After the Fort Laramie Treaty of 1868, the Sioux, Cheyenne and other tribes were restricted to hunting north of the North Platte River, and white people began moving cattle herds onto the plains north of Cheyenne and along Chugwater Creek and the Laramie River.

Pioneer ranchers in the area included John Hunton, Hiram B. Kelly, John Kessler, Charley Coffee and Philip J. Yoder. The Union Cattle Company and Swan Land and Cattle Company were the largest early ranches. While ranchers first settled mainly in what’s now the southern part of the county along Bear Creek, by the 1870s they had spread north of the North Platte River.

Goshen County continues to produce more cattle annually than any other Wyoming county. In 1997, Goshen County had 688 ranches and farms averaging 1,840 acres. By 2007 there were 665 farms in the county.

In 1900, the Burlington Railroad, building west up the North Platte River from Nebraska, entered Wyoming at Torrington and continued to Fort Laramie and Guernsey. Passenger service began in May. George King was the first station agent.

Torrington’s town site was surveyed April 21, 1900, and the land was sold to its residents for one dollar by the president of the Burlington’s land company. Torrington had been named by William G. Curtis for his Connecticut birthplace and his English ancestral home. He also established the first post office in his house in the new town.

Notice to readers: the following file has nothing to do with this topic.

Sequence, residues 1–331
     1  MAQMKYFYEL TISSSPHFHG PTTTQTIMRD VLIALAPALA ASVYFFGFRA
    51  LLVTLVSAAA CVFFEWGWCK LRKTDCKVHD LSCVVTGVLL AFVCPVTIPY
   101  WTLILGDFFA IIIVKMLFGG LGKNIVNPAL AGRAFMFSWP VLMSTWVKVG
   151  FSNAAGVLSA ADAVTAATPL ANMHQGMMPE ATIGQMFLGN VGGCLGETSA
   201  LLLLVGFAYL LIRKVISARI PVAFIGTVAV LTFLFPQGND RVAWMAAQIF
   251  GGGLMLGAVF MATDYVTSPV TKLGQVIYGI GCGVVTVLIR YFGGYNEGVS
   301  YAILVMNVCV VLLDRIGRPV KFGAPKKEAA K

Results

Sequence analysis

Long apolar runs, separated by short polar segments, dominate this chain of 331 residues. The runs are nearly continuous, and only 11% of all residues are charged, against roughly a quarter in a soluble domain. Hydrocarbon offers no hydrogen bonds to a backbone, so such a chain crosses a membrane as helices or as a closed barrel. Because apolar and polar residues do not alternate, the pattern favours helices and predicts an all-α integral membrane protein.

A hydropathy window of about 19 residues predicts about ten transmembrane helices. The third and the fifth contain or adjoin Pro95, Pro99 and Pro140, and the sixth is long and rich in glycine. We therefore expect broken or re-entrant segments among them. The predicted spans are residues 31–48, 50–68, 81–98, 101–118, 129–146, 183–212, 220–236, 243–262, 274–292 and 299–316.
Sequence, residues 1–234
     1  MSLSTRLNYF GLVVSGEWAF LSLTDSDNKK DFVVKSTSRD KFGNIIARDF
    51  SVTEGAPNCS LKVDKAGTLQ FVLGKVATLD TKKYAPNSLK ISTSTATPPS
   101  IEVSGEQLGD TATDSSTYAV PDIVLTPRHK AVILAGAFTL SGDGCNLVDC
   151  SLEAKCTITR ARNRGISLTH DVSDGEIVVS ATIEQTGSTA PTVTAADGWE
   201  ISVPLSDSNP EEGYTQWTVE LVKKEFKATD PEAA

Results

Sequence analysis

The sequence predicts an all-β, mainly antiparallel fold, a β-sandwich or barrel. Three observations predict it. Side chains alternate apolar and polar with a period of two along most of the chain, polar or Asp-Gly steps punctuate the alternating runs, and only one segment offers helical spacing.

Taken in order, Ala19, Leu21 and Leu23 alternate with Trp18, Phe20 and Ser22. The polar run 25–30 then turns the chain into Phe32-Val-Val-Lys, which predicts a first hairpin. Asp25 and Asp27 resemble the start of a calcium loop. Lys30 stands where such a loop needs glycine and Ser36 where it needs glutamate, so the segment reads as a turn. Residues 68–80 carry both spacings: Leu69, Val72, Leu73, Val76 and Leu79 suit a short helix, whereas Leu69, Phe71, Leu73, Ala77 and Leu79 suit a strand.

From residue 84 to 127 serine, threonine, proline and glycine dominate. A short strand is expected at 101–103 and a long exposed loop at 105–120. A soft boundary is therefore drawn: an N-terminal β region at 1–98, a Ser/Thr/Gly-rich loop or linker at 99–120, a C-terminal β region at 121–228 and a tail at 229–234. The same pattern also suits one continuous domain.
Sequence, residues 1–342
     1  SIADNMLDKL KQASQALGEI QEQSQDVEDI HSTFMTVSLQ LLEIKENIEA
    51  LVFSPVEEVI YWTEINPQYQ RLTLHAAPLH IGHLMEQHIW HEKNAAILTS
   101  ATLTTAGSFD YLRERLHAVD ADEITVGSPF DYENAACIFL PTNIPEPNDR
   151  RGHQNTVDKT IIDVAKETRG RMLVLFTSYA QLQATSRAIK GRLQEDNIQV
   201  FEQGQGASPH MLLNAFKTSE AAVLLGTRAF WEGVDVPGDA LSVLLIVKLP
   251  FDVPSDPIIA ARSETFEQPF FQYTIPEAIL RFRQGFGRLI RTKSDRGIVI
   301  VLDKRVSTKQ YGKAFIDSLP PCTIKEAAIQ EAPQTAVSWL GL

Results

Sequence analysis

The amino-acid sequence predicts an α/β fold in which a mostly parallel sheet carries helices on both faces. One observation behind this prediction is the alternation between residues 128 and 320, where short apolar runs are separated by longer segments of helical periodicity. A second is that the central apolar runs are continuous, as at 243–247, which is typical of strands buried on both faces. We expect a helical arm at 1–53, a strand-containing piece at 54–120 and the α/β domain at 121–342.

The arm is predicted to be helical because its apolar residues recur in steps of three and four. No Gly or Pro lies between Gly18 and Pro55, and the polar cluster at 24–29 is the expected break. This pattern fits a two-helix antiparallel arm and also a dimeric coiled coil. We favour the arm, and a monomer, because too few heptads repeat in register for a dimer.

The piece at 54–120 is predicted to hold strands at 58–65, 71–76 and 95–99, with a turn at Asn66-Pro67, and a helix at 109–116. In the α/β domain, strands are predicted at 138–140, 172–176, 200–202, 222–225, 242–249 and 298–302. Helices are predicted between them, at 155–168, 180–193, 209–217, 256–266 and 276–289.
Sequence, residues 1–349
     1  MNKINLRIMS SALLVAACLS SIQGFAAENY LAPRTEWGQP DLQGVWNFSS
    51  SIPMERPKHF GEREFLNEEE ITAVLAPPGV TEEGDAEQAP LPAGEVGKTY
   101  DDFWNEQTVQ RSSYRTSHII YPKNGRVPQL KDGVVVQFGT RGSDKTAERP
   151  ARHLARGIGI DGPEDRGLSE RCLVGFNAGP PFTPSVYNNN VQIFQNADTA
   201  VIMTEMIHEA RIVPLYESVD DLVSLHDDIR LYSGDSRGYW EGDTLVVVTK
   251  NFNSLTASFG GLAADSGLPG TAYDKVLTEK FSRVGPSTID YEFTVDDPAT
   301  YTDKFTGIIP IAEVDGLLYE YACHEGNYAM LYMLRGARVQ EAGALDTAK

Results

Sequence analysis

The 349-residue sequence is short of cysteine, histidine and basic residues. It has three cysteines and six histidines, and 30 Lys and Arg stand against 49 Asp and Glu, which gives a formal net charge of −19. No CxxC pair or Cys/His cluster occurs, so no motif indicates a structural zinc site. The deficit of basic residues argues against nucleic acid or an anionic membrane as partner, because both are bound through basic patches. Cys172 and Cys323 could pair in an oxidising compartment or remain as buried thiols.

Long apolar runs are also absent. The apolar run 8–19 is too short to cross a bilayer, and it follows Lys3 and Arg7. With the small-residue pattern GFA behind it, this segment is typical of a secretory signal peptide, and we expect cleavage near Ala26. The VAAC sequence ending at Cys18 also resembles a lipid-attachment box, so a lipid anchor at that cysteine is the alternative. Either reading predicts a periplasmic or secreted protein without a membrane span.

Early irrigation

Developers of early irrigation projects hoped that the irrigation of dry land would draw settlers to the area. The first water right, dated 1881, was claimed from Rawhide Creek, north of the North Platte. Prior to this, however, settlers had already begun irrigating out of the North Platte River, Rawhide Creek and Horse Creek, which joins the North Platte near the Nebraska line.

The Reclamation Act of 1902 funded irrigation projects for the arid lands of 20 Western states. Revenue from sales of semi-arid public lands was to be used for the construction and maintenance of irrigation projects. The newly irrigated lands would then be sold and the revolving funds used to support more projects. In the Goshen County region, the North Platte River provided the water necessary for irrigation.

Two hundred fifty miles of the Interstate and Fort Laramie canals were constructed with about $10 million of Reclamation Service funding.